• alan2
In summary: To me, that seems entirely equivalent to presupposing the actual defect rate that you're seeking. That doesn't make any sense to me.
alan2
My experience with statistics is very limited although I understand probability theory quite well. My friend, an accountant, asked a question. He does attribute sampling. I understand most of it intuitively and the math was what I expected it to look like when I got curious and started reading. In determining the sample size necessary they set a confidence level based on the risk they are willing to take and a tolerable deviation which is the maximum acceptable percentage of the population with the attribute. The weird thing is that, in addition, they use an "expected deviation" which appears to be a guess at the result. They use this guess, combined with the other two factors to determine the sample size. According to him, they just set the expected deviation according to how much work they want to do. If the expected deviation is low then the sample size is smaller and they do less work. So, my question is, is there a theoretical basis for using this estimated deviation in the determination of necessary sample size? If so, is there a reference that would explain this to me. I'm sure that setting it on the basis of how motivated one feels today is not necessarily valid.

Since no authority on the subject has stepped forward, it would be interesting to discuss this.

Researching topics about auditing on the web isn't very exciting, but after a few minutes of it, I conclude "tolerable deviation" is like an "acceptable defect level". A manufacturer may know that even when a production line is operating properly, it may produce a certain fraction of defective items. The goal of his sampling would be to test if current state of the production line produces no more than this fraction.

"Attribute" sampling seems to amount to sampling a bernoulli random variable which indicates whether the item is defective or not-defective. Let $f$ be the fraction of defective items in a sample of size $n$. Let $p$ be the fraction of defective items in the the population. I speculate that the accounting math is focused on computing the probability that $f$ lies within a certain interval of $p$. I don't know whether the scenario your friend uses assumes that $p$ is known.

Yes Stephen, this is exactly the problem. "Tolerable deviation" is just the acceptable percentage of defects in the population. If the the percentage of defects exceeds the tolerable amount then the population is rejected. My problem is how does one calculate the necessary sample size. Each sample is binomially distributed so we have to assume some bound on the actual percentage of defects in the population in order to approximate the binomial distribution with a normal distribution. Yet they use tables which give the "expected deviation" from zero to some large percentage in increments of 0.25%, and use this number to set the sample size. To me, that seems entirely equivalent to presupposing the actual defect rate that you're seeking. That doesn't make any sense to me. I know little about statistics but I do know that a lot of people with very little math knowledge use it regularly.

alan2 said:
So, my question is, is there a theoretical basis for using this estimated deviation in the determination of necessary sample size? If so, is there a reference that would explain this to me. I'm sure that setting it on the basis of how motivated one feels today is not necessarily valid.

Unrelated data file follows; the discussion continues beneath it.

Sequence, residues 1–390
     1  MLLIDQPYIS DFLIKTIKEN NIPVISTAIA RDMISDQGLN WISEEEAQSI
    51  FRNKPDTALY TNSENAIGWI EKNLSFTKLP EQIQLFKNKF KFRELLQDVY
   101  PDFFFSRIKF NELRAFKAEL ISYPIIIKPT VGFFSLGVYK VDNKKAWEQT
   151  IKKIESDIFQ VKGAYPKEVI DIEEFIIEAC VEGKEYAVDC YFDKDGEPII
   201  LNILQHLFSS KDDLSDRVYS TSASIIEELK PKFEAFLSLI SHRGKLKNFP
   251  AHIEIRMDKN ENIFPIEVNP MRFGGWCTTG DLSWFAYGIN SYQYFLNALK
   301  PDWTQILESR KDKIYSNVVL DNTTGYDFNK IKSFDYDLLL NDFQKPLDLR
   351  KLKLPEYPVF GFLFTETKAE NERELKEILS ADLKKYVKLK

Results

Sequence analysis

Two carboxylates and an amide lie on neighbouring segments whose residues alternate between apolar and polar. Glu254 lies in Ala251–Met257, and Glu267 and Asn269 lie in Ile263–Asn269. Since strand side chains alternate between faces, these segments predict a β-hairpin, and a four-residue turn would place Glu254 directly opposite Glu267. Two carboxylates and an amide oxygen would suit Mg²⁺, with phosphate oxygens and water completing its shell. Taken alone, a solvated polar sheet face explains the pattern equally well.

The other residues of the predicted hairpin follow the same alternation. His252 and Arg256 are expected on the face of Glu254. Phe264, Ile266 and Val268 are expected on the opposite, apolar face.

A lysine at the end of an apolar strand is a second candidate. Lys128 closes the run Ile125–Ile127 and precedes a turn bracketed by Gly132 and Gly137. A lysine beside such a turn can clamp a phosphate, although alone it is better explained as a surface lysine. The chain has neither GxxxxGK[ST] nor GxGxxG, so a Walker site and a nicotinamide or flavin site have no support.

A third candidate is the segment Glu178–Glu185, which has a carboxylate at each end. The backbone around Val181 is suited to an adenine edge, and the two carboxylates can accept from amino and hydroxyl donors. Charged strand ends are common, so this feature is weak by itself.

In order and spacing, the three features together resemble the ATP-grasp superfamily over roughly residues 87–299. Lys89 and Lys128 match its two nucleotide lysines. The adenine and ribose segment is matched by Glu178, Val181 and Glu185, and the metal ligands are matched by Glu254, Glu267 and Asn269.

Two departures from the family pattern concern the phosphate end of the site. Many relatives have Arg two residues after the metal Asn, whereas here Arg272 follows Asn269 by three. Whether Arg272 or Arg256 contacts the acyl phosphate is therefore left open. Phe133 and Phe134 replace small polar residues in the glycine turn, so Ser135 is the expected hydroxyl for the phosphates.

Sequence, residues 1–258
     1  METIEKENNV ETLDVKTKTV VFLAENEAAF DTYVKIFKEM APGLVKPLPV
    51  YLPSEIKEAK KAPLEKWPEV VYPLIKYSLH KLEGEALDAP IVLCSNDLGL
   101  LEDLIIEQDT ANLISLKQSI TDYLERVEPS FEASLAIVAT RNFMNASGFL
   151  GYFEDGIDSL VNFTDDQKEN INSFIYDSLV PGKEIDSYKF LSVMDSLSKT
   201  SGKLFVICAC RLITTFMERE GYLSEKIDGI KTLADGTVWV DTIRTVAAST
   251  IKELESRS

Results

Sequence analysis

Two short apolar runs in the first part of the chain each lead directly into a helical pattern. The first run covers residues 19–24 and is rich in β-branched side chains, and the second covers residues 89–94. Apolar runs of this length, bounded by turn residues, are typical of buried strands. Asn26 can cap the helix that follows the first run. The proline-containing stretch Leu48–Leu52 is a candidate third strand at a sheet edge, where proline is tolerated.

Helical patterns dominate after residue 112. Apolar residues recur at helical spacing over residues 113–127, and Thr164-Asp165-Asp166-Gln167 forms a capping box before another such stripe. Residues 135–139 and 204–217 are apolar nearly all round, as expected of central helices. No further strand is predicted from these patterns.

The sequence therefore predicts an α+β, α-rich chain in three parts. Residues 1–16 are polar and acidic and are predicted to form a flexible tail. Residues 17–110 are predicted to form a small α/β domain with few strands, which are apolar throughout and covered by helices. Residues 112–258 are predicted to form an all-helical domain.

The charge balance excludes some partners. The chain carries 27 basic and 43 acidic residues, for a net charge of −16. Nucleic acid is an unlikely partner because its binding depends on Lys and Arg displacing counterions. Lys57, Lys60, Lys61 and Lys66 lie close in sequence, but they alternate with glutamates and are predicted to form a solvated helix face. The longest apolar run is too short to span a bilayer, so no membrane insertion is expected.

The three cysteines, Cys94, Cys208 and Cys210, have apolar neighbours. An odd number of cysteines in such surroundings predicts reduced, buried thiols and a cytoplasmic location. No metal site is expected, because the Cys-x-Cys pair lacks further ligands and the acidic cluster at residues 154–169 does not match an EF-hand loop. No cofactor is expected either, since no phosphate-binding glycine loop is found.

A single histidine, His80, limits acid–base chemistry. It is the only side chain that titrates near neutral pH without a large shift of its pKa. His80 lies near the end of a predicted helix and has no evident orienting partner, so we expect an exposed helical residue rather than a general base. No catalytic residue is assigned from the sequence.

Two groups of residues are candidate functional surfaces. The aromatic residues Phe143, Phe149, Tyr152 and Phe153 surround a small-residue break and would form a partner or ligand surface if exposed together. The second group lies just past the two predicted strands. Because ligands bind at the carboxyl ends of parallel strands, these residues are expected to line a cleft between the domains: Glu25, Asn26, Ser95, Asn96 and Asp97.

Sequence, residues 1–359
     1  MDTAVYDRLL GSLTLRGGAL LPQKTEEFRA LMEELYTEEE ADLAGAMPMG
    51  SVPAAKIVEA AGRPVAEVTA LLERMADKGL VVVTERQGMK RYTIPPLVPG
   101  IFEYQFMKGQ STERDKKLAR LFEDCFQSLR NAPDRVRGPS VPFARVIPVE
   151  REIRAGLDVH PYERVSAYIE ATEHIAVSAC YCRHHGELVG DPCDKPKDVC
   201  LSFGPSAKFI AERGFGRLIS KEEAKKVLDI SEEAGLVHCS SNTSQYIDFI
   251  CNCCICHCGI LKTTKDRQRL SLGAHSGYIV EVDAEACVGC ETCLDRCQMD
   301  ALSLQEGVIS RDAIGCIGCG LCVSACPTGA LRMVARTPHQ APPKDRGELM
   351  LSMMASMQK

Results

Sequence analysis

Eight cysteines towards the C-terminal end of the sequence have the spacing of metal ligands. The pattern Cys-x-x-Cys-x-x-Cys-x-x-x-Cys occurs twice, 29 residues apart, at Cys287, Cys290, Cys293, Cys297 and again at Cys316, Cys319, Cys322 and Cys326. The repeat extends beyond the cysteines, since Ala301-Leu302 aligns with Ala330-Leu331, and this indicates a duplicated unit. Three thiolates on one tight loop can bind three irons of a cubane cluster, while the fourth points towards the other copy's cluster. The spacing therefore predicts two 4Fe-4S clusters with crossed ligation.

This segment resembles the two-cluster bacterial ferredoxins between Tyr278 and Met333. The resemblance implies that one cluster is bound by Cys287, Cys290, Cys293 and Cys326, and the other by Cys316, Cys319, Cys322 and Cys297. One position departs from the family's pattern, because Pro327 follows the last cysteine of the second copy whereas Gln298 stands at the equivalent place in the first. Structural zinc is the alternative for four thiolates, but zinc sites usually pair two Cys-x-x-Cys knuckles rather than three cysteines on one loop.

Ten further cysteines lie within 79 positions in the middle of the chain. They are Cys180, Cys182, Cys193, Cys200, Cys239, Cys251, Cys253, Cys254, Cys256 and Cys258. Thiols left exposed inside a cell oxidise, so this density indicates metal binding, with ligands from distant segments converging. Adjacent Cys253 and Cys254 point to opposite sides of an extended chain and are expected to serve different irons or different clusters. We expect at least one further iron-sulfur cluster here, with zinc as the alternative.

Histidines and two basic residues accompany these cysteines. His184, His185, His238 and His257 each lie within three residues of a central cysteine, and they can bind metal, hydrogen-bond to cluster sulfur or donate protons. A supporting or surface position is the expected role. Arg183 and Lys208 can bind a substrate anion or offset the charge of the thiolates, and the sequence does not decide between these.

If I understand your question, you want the optimal sample size for finding an attribute if the attribute exists in a population. In most cases like this, the attribute is a defect. The important point is that if a population is defect free, you can only confirm that by a "sample" of the entire population. Otherwise, you posit a probability p(x) that you're willing to accept and then calculate the sample size needed to test the hypothesis that $p(x)\leq \alpha$ where alpha is the probability that a defect exist even if you didn't find one with a sample size N. For example, you might set alpha at 0.0001. Then if a sample of size N is defect free, you would say $p \leq 0.0001$ that at least one defect exists.

You can find sample size calculators online. For the math, go to section 4 of the following reference. For rare events in large samples, the Poisson distribution is probably the best. The expectation would be the acceptable rate of defects and you're interested in the probability of 0 given this rate.

http://www.cqeweb.com/chapters/chapter6.pdf

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alan2 said:
Yet they use tables which give the "expected deviation" from zero to some large percentage in increments of 0.25%, and use this number to set the sample size. To me, that seems entirely equivalent to presupposing the actual defect rate that you're seeking. That doesn't make any sense to me. I know little about statistics but I do know that a lot of people with very little math knowledge use it regularly.

The few times that I have looked into statistical methods used by actuaries, I've been quite impressed with the theoretical soundness and sophistication of their methods. However, I've had to dig to find it. The guides for practicing actuaries were just tables and procedures without explanations.

What I find interesting about the current topic is that the online stuff I saw does not clearly classify what they are doing as "hypothesis testing" or as "estimation". In the usual sort of statiistics one establishes a sample size in order to obtain a certain "confidence interval" or estimating a parameter of a population, such as the fraction of defects. In "hypothesis testing" a decision is being made and the the size of the sample affects the thresholds set for a given "type I error", which is the probability of "incorrectly rejecting the null hypothesis when it is true".

The actual computations in these two situation are often the same arithmetic, but it is easier to understand the use of the "tolerable deviation" if we consider their process to be hypothesis testing. In that case, the "null hypothesis" would be that the fraction of defects in the population is the tolerable deviation.

The usual specifics for a hypothesis test would be to establish a certain "p-value" such as 0.05. For a sample of a given size n, there is a certain threshold fraction of defects $f_0$ such that the probabily of the observing $f0$ or more defects in the sample is equal to the p-value (assuming the null hypothesis is true.) In the usual senario, we aren't solving for the sample size.

I don't understand exactly what the "givens" are in the problem that your friend works. Besides "tolerable deviations", what else is given? I don't know how to interpret "expected deviation".

Perhaps one could pose a problem like "Given the tolerable fraction of defects is 0.03, what statistical test could I use that would give me a 0.95 probability of correctly judging that a population with a fraction of 0.07 defective items is one that exceeds the fraction of tolerable defects?".

Stephen Tashi said: